Skip to main content

Ron Paul Gets "Mostly Fair" Treatment from New Yorker Magazine

By Brian Doherty

Former pop music critic and successful warrior against "rockism" Kelefa Sanneh delivers a long, long profile of Ron Paul in the New Yorker, hitting the campaign trail with him in Maine and Nevada and surveying the shape of his career. Newsletters are mentioned without being treated as the most important issue about Ron Paul, and intelligent questions are raised about his mysterious lack of appeal to the mysteriously departed "Tea Party" movement.

Some highlights that pick up the flavor of the piece:

During Paul’s visit to Maine, he paid a visit to Colby College, in Waterville, where he was introduced by Paul Madore, a conservative activist and his state campaign chair. Madore began his introduction on a combative note, assailing “the A.C.L.U. and other leftist organizations” for “forcing us to constantly apologize for our Christian heritage.” In fact Paul and the American Civil Liberties Union agree at least as often as they disagree, and they have worked together in the past. (In 2009, the A.C.L.U. sued the Transportation Security Administration on behalf of a staffer for Ron Paul’s nonprofit organization, Campaign for Liberty, who was briefly detained in an airport after hesitating to explain why he was carrying a box of cash.) When Paul got to the podium, he thanked Madore for the introduction, but, near the end of his speech, he pushed back. “Liberty is liberty,” he said. “Some people would use it for different religious values or no religious values—just so they get to make their choices.” A few minutes later, before inviting his supporters to pose for pictures with him, he remembered something important. “I forgot to talk about the campaign,” he said, grinning. “I’d like to get your vote next week.”   

My own experience on the (lack of) branded or self-conscious "Tea Party" action while on the road with Paul in the past year supports what Sanneh writes here:

In “The Tea Party and the Remaking of Republican Conservatism” (Oxford; 2012), the political scientists Theda Skocpol and Vanessa Williamson take the measure of the recent amorphous uprising. They find that, despite a focus on economics, Tea Party groups often entertain “socially conservative moral arguments” and don’t generally identify as libertarian. “The Tea Party came, during much of 2010, to be (misleadingly) portrayed as a formidable, independent political movement that threatened to overturn the two-party system,” they write. In fact, Tea Party supporters tended to be indistinguishable from conservative Republicans—the energy was new, but not the ideology. Individual Tea Partiers have become influential within the Republican Party, especially at the local level, but few people now view the movement as a threat to the political duopoly. This election season, no viable Tea Party Presidential candidate has emerged, and the Tea Party itself has been all but invisible, subsumed within the broader Republican electorate.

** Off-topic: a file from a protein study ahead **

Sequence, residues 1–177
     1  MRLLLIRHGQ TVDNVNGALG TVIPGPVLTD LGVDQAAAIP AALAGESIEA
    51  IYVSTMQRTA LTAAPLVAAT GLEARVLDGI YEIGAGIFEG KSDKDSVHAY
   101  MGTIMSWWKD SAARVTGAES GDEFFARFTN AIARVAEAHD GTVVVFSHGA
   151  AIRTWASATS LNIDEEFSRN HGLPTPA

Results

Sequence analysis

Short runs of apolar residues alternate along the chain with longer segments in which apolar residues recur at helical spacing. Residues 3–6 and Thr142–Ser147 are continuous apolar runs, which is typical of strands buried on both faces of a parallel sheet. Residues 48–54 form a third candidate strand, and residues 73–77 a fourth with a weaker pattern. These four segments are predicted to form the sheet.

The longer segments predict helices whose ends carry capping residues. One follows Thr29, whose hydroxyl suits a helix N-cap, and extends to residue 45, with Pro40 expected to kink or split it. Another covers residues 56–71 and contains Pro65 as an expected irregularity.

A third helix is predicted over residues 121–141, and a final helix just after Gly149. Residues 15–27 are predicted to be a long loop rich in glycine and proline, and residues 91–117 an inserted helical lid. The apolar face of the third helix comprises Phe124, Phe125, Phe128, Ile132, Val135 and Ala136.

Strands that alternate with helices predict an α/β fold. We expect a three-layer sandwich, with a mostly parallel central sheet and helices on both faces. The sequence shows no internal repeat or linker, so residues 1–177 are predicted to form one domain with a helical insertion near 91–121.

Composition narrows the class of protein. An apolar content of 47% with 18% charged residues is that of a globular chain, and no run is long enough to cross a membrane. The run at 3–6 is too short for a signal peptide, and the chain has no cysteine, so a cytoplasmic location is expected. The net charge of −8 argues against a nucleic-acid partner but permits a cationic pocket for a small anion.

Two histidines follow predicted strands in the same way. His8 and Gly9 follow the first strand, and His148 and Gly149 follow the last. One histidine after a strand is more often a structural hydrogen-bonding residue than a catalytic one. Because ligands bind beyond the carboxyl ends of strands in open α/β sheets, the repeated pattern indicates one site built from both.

And Sanneh hits home why the much-feared Obama-elevating Paul third party run is unlikely:

There is only one politician whom Paul regularly praises in his speeches—a man he coyly refers to as a “senator from Kentucky.” If Paul sees a future for himself in the Republican Party, it is through his son Rand, who might have an easier time than his father in attracting traditional conservatives to his cause. (During his campaign for the Senate, for example, Rand Paul declined to rule out using force to stop Iran from developing nuclear weapons.) Unlike most politicians on the verge of retirement, Paul can’t accurately claim that he has nothing to lose by breaking with the party that has been his home for all but one of his years in politics. Hope for his son’s prospects—and a disinclination to put him in an awkward position—might be enough to keep Paul from ending his political career with another third-party campaign. If he split the vote, indirectly helping to reëlect Obama, it might be a long time before Republicans were willing to get behind anyone named Paul.

That this long, detailed, mostly accurate and fair piece appears in such a bastion of establishment cultural and non-professional intellectual chatter as the New Yorker is yet another sign of the mainstreaming of libertarian ideas that has been encouragingly moving forward for the past decade or so, and a sign of how the Paul campaign, while not the only force behind that mainstreaming by any means, is at the very least an important and positive part of it.

For much, much more on all this, read my out-in-May book on Paul and the Paul movement, Ron Paul's Revolution, and my April cover story in Reason magazine.


Popular Video